— Across the Spanish Main - A Tale of the Sea in the Days of Queen Bess • Harry Collingwood

... Gasca thus strove to reassure the superstitious and the timid, he bent his mind, with his usual energy, to repair the injury which the cause had sustained by the defeat at Huarina. He sent a detachment under Alvarado to Lima, to collect such of the royalists as had fled thither from the field of battle, and to dismantle the ships of their cannon, and bring them to the camp. Another body was sent to ...
— The History Of The Conquest Of Peru • William H. Prescott

... the next morning the large ambulance was found to be so badly damaged that it had to be taken to a repair shop in the city to undergo reconstruction. It would take several weeks to put it in shape, declared the French mechanics, so the Americans would be forced to get along with the smaller vehicle. Jones and Dr. Kelsey made regular trips with this, but the ...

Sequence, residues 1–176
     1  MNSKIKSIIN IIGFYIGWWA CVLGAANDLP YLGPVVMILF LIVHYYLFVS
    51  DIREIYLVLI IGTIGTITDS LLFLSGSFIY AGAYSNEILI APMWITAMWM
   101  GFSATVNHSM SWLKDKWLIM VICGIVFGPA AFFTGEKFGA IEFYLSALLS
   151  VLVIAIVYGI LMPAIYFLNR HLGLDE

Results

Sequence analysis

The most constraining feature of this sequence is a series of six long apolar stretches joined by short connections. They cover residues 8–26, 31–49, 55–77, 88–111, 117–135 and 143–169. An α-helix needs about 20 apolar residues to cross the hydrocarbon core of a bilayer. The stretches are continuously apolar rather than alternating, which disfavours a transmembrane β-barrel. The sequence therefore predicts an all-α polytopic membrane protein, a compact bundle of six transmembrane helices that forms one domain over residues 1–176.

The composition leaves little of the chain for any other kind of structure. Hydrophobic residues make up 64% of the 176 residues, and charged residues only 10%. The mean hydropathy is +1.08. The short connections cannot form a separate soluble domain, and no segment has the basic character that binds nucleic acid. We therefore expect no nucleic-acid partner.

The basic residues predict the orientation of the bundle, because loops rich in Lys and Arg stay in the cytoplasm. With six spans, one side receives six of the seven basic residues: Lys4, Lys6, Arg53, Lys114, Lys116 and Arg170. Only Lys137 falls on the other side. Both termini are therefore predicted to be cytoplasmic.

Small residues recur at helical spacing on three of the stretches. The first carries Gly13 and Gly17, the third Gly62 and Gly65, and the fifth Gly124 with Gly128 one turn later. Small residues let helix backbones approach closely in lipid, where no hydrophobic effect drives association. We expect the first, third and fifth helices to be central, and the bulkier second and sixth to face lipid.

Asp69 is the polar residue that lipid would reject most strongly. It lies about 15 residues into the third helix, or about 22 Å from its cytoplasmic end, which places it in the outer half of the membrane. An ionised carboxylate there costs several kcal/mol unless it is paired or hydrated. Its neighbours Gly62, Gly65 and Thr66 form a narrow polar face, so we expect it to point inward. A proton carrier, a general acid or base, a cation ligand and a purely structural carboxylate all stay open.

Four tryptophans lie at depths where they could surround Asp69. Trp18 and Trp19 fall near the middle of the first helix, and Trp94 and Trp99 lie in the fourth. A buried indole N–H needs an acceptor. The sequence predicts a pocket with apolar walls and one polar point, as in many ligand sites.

— Aunt Jane's Nieces in the Red Cross • Edith Van Dyne

... "I can repair it by going to him," she went on. "I must go to him. I can never know peace until I have tried to make up to him a little of what I have made ...
— The Woman from Outside - [on Swan River] • Hulbert Footner

... in the happiest frame of mind as they made the tour of England and Scotland, for from thence they would repair to his own loved Italy. Over the mind of the tourist, visiting the Old World for the first time,—countries where have transpired thrilling events recorded in history, what an immensity of thought and feeling sweeps! It was thus with Natalie; she could not realize ...